"With a car it's what baggage can you drop off to make it run faster? If you can't equip the car with a better motor and you want to go faster, you have to drop weight. In your motion and your technique, it's not about equipping yourself with more fancy stuff, it's getting rid of all the excess stuff you don't need. Then the car runs faster."
Thomas: "There are certain ways to make it a little easier using pedals with super-high tension, long board pedals with a very low footboard angle, trigger microphones with electronics… It's a bit of a joke because double bass drums have to be played with aggression. This is an aspect of aggressive music and without volume there is no aggression.
"I've seen many bands that perform and, when you are listening to the drums from behind the riser, it is very quiet. There is a complete lack of power and to me this kind of music has to be played with 'oomph' and some serious muscle. If it doesn't have that and it's all just triggered then it has no substance.
"Rule number one: for speed you must compromise volume. There is no other way, you can't play ultra-fast and ultra-loud at the same time. I make a compromise by playing loud and when it starts getting weak and wimpy I stop because I can play faster but at a certain speed you lose volume.
"There are certain ways to make it easier but to achieve powerful single-stroke rolls or double-stroke rolls on the bass drum requires nothing but practice. A few years of intense, focussed bass drum practice, but you get results.
"If you stick to it you will be able to execute powerful and beefy double and single strokes at a fast tempo upwards of 200bpm that can be played on any acoustic drum and work in any playing situation without trigger mics."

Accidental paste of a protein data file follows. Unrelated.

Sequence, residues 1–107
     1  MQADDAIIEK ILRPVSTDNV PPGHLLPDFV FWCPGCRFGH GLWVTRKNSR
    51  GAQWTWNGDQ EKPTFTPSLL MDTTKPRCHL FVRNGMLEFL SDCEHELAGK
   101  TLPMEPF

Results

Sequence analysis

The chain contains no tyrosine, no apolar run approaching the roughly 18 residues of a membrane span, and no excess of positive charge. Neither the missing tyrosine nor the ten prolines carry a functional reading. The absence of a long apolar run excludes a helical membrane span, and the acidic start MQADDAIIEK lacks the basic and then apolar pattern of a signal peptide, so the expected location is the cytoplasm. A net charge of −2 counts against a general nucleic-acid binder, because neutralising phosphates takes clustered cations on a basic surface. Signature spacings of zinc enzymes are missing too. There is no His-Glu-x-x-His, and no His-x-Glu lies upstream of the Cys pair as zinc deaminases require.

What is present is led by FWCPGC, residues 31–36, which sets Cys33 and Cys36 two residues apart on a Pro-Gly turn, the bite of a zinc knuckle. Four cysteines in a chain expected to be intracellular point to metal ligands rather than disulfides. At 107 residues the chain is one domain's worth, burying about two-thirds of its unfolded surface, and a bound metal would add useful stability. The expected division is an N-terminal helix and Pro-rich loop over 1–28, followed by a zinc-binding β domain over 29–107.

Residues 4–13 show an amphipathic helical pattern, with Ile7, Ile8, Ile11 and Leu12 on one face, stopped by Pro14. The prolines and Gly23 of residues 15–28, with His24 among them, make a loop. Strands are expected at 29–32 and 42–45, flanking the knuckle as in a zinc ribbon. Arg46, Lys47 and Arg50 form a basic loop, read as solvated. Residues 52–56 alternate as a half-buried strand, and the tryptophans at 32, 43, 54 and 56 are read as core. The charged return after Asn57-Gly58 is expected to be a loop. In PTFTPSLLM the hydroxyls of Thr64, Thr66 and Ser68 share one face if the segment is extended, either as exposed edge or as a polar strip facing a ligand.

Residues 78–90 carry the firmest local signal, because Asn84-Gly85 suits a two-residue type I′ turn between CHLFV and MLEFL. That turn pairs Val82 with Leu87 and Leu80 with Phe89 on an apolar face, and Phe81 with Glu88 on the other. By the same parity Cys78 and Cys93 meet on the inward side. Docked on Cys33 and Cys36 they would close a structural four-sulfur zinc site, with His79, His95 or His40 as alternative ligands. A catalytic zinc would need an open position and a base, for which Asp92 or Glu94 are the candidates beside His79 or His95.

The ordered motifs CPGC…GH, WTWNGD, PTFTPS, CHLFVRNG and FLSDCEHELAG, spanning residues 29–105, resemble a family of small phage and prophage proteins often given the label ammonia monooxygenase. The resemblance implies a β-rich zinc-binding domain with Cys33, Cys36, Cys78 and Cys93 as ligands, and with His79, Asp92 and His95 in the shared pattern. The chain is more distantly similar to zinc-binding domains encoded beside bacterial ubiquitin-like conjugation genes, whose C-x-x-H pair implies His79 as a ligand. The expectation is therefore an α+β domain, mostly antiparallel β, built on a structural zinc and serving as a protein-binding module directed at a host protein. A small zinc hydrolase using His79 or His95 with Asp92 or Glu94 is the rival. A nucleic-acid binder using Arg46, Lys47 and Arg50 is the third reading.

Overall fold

Next: Tip 4: Improve your technique
Tip 4: Improve your technique
At what point should technique enter the picture in your journey as a player?
Thomas: "Technique was always a major aspect from day one from my first drum lesson when I was five. My teacher talked about technique but because it was from day one it never registered with me as anything special or daunting. It was just there. This is what you need in order to execute these things.
"After 10 years of playing I started to tweak my own techniques and combine techniques and really understand for myself why certain techniques exist, how to employ them correctly in order to make playing easier, or how to switch between techniques to produce different sounds or feels.
"I try to stay out of the groove's way. A groove is that repetitive cycle that creates the magic. As soon as you play a fill or change it, it kind of ruins it."
"That came later in my development. Technique as part of learning was there from the beginning."
Benny: "There is expression first, then maybe later you find out you need more technique to express what you want to express. I think this is the best order. Sometimes people think, 'Oh, wouldn't it have been great to learn all the technique and then get started?' No, that would be horrible! It's so important to play first and experience music and have fun.
"Technique, as I define it, is stuff that you always try to take care of - sound, time, focus. I very seldom do things like, 'Let's get on the Moeller technique again,' or 'Let's check out the different grips again and what we can optimise there,' but every once in a while I do it with focus and learn something.
"It's great but it's not something that's on my list every day because it's simply not the most important thing."
Do you think in terms of technique when coming up with fills?